Swimming in a Sea of Salty Dialogue

A few days ago, I had just stepped out onto the front porch to breathe in the unique promise of April on Narragansett Bay when a voice in my head announced: “Shut ‘er down, Cap!” 

“Of course!” I thought. “In that chapter I just edited, so-and-so says that as a joke.” And I immediately rushed back to my desk to write it down, because I’ve learned that even the most ah-HAH! ideas can definitely be fleeting. 

I wrote back in 2010 that “I never know what might sneak in while I’m thinking about something else.” In 2018, I mused in Woolgathering Works that “when I’m not actively thinking about anything at all, I ‘learn’ things about my characters.” So this is not a new experience. But what I now understand is the importance—and fun—of this particular stage, which comes only after I’ve completed the first draft. That’s when my characters reveal their best secrets—usually when I’m not actually writing. 

The publishing industry would call this part developmental editing; when authors, often with an editor, smooth out the rough patches in their first drafts. The goal is to solve any “big picture” plot issues, as well as removing inconsistencies in voice or structure. The best editors will also gently point out what “darling” characters or scenes just aren’t necessary. 

I prefer to handle this enormously important step on my own, because it’s my reward for slogging through that sh*tty first draft and finding out what happens! Now that I know most of who does (or doesn’t) do what with whom, I start again from the beginning and work through what I’ve written so far; tightening what’s really necessary, and moving everything else into an “old scenes” folder.

And somewhere along the way, my characters become quite playful. It’s like we’re all standing waist-deep in a sun-warmed ocean, playing a strange authorly version of “Marco Polo:” they call out phrases, which I then try to both remember and filter. There’s plenty of trash talk, but there are no bad suggestions; we’re all brainstorming together, supported by a salty sea of words (which can sometimes be mistaken for a sea of salty words). 

You’ll notice I’m not giving away any plot details yet, because the frame I built with that rough draft is not yet truly locked into place. It still needs its corner braces; all of those key scraps of dialogue that bring each scene to life.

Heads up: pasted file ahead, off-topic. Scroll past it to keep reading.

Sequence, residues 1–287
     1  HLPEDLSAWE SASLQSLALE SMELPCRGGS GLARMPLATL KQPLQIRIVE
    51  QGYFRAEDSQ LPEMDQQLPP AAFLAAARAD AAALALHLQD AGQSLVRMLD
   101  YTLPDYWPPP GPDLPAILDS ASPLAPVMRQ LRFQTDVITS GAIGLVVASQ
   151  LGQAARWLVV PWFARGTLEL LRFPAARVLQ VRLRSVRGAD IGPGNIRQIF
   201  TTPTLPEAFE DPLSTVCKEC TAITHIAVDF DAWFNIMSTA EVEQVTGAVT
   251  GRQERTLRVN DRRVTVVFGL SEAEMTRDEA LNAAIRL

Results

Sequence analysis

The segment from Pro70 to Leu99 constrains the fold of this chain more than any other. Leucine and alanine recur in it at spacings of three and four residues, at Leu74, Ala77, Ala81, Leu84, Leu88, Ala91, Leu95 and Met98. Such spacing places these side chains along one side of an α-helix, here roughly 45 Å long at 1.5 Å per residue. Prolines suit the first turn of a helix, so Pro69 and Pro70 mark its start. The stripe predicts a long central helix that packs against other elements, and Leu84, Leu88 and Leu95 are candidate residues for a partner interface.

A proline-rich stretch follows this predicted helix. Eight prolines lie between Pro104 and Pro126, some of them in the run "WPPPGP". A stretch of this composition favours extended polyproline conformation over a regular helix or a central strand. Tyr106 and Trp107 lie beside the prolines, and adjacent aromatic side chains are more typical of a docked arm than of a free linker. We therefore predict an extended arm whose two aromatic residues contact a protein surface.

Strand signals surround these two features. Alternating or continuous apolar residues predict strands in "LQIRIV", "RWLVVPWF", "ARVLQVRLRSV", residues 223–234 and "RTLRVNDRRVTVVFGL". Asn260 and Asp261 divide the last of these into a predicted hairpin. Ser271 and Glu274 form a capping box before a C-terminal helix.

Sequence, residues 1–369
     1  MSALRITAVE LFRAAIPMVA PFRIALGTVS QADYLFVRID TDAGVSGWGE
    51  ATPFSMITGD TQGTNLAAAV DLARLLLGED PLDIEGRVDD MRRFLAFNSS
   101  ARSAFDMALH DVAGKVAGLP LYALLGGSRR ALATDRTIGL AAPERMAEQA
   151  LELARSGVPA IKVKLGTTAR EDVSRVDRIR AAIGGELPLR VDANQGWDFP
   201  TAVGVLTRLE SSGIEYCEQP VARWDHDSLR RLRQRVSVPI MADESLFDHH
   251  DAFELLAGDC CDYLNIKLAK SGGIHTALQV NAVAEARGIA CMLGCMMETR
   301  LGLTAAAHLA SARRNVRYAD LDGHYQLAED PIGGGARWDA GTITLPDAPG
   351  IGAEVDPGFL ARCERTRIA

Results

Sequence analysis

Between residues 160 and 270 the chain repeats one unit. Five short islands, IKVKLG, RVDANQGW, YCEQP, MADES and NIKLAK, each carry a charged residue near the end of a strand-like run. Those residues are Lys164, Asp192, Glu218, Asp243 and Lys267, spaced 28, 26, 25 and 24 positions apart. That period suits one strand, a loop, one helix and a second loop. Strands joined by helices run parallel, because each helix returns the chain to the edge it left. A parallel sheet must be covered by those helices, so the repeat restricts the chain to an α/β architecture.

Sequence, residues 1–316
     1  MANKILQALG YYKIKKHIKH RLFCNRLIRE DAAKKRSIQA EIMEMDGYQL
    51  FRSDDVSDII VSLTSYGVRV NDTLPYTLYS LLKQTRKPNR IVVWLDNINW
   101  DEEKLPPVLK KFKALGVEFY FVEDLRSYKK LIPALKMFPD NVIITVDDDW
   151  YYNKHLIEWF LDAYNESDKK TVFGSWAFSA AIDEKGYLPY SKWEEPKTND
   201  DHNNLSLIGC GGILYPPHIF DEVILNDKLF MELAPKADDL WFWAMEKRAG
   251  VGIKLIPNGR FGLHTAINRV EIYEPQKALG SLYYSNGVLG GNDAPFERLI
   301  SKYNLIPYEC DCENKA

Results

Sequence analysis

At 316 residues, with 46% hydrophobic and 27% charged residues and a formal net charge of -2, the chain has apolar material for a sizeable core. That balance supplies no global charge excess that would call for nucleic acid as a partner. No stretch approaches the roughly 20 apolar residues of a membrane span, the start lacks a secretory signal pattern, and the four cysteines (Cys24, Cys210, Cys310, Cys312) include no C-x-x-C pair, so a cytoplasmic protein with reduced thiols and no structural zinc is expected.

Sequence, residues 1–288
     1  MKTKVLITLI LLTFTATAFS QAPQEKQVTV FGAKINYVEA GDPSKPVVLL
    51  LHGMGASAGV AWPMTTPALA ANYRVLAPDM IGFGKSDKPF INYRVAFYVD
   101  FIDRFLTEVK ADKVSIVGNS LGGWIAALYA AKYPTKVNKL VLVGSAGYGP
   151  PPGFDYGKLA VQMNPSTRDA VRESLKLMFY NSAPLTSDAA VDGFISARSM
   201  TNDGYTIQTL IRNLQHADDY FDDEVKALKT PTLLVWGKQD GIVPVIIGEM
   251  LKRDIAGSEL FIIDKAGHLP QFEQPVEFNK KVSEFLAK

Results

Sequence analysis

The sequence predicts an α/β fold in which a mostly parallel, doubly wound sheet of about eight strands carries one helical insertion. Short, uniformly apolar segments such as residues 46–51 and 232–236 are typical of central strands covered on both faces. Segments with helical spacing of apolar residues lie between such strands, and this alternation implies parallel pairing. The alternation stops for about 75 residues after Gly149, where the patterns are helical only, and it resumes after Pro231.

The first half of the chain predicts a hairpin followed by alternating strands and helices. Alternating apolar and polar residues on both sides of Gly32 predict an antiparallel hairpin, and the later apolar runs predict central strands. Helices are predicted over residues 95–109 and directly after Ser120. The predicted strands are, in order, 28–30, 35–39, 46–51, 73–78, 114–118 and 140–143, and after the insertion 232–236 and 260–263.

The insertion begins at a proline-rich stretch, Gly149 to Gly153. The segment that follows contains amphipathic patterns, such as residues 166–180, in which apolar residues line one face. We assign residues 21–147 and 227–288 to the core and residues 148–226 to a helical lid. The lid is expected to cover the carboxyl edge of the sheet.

I’m grateful this part is so much fun, because there’s got to be a more efficient path toward a finished book… like working with a developmental editor! But as a seat-of-the-pants writer (known in the industry as a pantser), I’m also absolutely certain that adding more structure would scare away all the voices now dogpaddling inside my head. This is the only way I know to complete a story worthy of sharing, even if it’s hard to explain.

Got a question about my writing and editing process, or want to share your own? Drop a comment in below, or send me an email. I read every one, with an ocean-full of thanks. 

And now it’s time to “Shut ‘er down, Cap!” 

Previous writing posts

Favorite Writing Blog: Guest Post!

3 Writing Lessons from Olympic Sailing

The Book I WANT to Write

Trusting Myself—and My Writing Process

4 Replies to “Swimming in a Sea of Salty Dialogue”

  1. It is great when you are so into what the characters are saying. I might say, “Carol”, and I just get this blank look. I just smile and know you are having a blast with your characters, and I go back to my office. Fun to watch this process., so creative, and I know not many can be this creative.

  2. Thanks Paul. After 5 books you get it! Sometimes it’s hard to shift back to “reality”.

  3. Carol, quite a while ago, you asked your fans….like, me….to suggest which character(s) we’d like to see emphasized in the “Cooperation” sequel and why. I think you then reported that a number of suggestions were offered. Without naming names, did any stick out and might we indeed see them become more prominent in your new storyline….or even less so, in the process? Translation: did our input affect your story arc?

    P/S: Now, edit faster…hah!

  4. Larry, your input was definitely the most useful of all the comments I received. The scary/depressing thing is that I requested that info back in 2021 and STILL haven’t finished the damn thing. But since your wishes mirrored my own, I think you’ll be pleased with the sequel! Until then, keep those comments coming… 🙂

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